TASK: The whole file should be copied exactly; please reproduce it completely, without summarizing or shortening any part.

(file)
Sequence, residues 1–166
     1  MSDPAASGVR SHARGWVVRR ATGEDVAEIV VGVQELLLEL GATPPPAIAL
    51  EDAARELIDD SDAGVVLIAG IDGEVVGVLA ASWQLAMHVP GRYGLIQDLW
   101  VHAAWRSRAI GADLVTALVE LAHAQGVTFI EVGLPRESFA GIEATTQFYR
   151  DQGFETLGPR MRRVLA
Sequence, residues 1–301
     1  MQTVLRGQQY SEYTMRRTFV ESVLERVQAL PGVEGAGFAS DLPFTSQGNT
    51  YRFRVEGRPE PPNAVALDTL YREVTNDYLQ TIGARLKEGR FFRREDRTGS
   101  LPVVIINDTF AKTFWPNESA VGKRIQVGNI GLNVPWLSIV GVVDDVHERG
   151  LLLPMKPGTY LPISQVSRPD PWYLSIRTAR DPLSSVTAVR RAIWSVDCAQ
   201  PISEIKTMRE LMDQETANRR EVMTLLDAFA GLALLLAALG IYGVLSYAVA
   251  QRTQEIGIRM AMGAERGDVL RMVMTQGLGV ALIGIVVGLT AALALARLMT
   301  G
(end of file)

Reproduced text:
Sequence, residues 1–166
     1  MSDPAASGVR SHARGWVVRR ATGEDVAEIV VGVQELLLEL GATPPPAIAL
    51  EDAARELIDD SDAGVVLIAG IDGEVVGVLA ASWQLAMHVP GRYGLIQDLW
   101  VHAAWRSRAI GADLVTALVE LAHAQGVTFI EVGLPRESFA GIEATTQFYR
   151  DQGFETLGPR MRRVLA
Sequence, residues 1–301
     1  MQTVLRGQQY SEYTMRRTFV ESVLERVQAL PGVEGAGFAS DLPFTSQGNT
    51  YRFRVEGRPE PPNAVALDTL YREVTNDYLQ TIGARLKEGR FFRREDRTGS
   101  LPVVIINDTF AKTFWPNESA VGKRIQVGNI GLNVPWLSIV GVVDDVHERG
   151  LLLPMKPGTY LPISQVSRPD PWYLSIRTAR DPLSSVTAVR RAIWSVDCAQ
   201  PISEIKTMRE LMDQETANRR EVMTLLDAFA GLALLLAALG IYGVLSYAVA
   251  QRTQEIGIRM AMGAERGDVL RMVMTQGLGV ALIGIVVGLT AALALARLMT
   301  G